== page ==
Irritated Nerves – The peroneal nerve wraps around the fibular head (see image to the left). Hence, if the fibular head is unstable due to damaged ligaments, the nerve can get irritated. This can lead to numbness, tingling, burning, or just referred pain down the front of the leg and foot. Also, realize that the S1 nerve in the low back can also send pain signals to the outside of the knee, so an irritated nerve in the low back can cause fib head pain.
In addition to the above, the way the knee moves as you walk or run can cause issues. Watch my video below to understand that better:
How Do You Fix Fibula Pain?
Treatment here depends on what’s causing the problem. For most acute pain that’s been present for only days to weeks, rest and/or physical therapy is usually the answer. For more chronic pain that’s been there longer, a diagnosis of which of the above problems is causing the pain is critical.
For example, if we take the above causes of pain, here are some things that can be done:
For an unstable or damaged joint, simple solutions that are commonly offered include a steroid injection into the area of joint. One problem here is that while this is a potent anti-inflammatory that can help reduce swelling and pain on a temporary basis, these steroid shots also kill cartilage (2). Newer orthobiologic injections like platelet-rich plasma (PRP) don’t have the same damaging effects on cartilage and have been shown to work well in larger joints like the knee (3-5). In addition, PRP and bone marrow concentrate (a same-day stem cell procedure) have shown success in healing damaged ligaments, hence these injections might be used to help heal the loose ligaments and tighten down the instability (6-8). Other options include surgical repair of the tibiofibular ligaments, but the need for that surgery is rare (12).
The biceps tendinopathy described above again is often treated with a steroid injection, but such injections in other tendons have been shown to be inferior to PRP (9). Again, this likely stems from the fact that steroid medications can damage tendon cells while PRP can enhance tendon repair (10,11). Hence, PRP is your best bet here.
The treatment for irritated nerves like the common peroneal as it wraps around the fibular head is usually stabilizing the fibula through physical therapy or PRP injection. If there is still an issue after those treatments, then surgical release is possible, but again, the need for that procedure is rare (13). In addition, if the problem is an irritated spinal nerve in the low back, then an epidural injection can be used to treat that problem (14).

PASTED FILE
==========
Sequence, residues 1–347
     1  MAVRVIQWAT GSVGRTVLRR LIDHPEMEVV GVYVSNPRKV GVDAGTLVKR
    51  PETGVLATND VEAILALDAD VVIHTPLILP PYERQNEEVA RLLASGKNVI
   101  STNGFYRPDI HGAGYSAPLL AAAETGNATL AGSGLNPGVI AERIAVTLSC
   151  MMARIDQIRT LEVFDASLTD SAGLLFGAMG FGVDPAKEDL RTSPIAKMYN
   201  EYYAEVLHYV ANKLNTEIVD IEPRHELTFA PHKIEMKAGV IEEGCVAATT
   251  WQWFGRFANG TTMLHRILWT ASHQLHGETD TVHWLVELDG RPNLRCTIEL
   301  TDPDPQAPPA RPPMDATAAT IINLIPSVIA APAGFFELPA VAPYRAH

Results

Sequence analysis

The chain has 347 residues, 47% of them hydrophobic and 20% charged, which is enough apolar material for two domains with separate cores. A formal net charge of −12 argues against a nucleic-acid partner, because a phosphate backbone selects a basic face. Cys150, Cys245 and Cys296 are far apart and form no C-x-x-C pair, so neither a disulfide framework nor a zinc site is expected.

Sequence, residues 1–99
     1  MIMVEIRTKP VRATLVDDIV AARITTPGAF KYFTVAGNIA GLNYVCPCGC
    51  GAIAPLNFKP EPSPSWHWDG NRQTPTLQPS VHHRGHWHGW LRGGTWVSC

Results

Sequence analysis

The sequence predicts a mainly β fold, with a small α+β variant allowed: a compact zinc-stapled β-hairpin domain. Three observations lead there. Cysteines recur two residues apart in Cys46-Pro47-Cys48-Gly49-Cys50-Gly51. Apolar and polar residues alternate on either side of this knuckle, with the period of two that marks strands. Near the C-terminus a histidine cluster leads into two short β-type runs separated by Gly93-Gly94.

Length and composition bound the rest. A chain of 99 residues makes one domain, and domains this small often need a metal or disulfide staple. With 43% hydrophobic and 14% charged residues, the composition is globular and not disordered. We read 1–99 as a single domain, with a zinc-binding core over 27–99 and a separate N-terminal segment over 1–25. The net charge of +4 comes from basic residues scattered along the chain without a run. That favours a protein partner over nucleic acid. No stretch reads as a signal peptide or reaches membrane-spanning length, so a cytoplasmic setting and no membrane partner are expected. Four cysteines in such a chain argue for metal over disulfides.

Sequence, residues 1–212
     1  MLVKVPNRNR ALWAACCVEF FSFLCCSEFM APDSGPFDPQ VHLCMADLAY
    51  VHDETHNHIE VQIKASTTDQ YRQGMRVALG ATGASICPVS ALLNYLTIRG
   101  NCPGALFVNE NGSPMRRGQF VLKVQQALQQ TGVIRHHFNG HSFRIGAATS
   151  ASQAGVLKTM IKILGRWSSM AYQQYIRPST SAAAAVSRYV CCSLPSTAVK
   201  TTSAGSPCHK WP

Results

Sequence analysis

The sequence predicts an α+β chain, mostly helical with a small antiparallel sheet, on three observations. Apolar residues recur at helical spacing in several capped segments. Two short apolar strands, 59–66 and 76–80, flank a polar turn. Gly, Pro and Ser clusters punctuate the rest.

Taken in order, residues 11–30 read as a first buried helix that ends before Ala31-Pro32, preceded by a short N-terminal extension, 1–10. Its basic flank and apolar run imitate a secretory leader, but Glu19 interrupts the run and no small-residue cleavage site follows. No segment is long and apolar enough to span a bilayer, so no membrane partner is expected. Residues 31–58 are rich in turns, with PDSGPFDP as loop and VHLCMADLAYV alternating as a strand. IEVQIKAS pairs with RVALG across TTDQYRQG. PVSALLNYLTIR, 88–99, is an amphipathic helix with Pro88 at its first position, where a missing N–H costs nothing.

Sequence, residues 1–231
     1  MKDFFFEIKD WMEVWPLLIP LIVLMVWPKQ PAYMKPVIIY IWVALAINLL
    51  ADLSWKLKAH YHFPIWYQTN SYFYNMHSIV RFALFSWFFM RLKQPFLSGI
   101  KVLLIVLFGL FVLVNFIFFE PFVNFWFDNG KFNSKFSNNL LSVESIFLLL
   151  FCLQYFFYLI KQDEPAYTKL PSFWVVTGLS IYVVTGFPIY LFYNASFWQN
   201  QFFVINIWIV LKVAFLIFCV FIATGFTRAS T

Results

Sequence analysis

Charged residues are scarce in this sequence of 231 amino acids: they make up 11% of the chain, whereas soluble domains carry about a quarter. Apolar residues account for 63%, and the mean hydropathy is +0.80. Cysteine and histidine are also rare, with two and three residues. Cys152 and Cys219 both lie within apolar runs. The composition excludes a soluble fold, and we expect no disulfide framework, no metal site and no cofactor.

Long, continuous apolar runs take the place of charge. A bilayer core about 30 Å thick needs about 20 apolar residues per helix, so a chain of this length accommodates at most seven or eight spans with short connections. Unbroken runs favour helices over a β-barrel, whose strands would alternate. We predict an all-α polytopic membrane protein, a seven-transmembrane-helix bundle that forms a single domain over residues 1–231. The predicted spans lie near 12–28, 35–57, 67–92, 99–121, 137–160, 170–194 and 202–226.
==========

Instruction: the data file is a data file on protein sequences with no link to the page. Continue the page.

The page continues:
The upshot? A little bone at the side of your leg can cause big problems. Fibular bone pain is quite real and getting to a specific diagnosis of what’s causing the pain is key. Once you have that cause, then a treatment can be formulated to fix the problem.
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(2) McAlindon TE, LaValley MP, Harvey WF, et al. Effect of Intra-articular Triamcinolone vs Saline on Knee Cartilage Volume and Pain in Patients With Knee Osteoarthritis: A Randomized Clinical Trial. JAMA.2017;317(19):1967–1975. doi: 10.1001/jama.2017.5283
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(7) Centeno C, Markle J, Dodson E, et al. Symptomatic anterior cruciate ligament tears treated with percutaneous injection of autologous bone marrow concentrate and platelet products: a non-controlled registry study. J Transl Med. 2018;16(1):246.
(8) Koch M, Mayr F, Achenbach L, et al. Partial Anterior Cruciate Ligament Ruptures: Advantages by Intraligament Autologous Conditioned Plasma Injection and Healing Response Technique-Midterm Outcome Evaluation. Biomed Res Int. 2018;2018:3204869. https://www.ncbi.nlm.nih.gov/pubmed/30148163
(9) Xu Q, Chen J, Cheng L. Comparison of platelet rich plasma and corticosteroids in the management of lateral epicondylitis: A meta-analysis of randomized controlled trials. Int J Surg. 2019 Jul;67:37-46. doi: 10.1016/j.ijsu.2019.05.003.
(10) McQuillan, R., & Gregan, P. (2005). Tendon rupture as a complication of corticosteroid therapy. Palliative Medicine, 19(4), 352–353. https://doi.org/10.1177/026921630501900412
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(13) Morimoto D, Isu T, Kim K, et al. Microsurgical Decompression for Peroneal Nerve Entrapment Neuropathy. Neurol Med Chir (Tokyo). 2015;55(8):669–673. doi:10.2176/nmc.oa.2014-0454
(14) Centeno C, Markle J, Dodson E, et al. The use of lumbar epidural injection of platelet lysate for treatment of radicular pain. J Exp Orthop. 2017;4(1):38. Published 2017 Nov 25. doi:10.1186/s40634-017-0113-5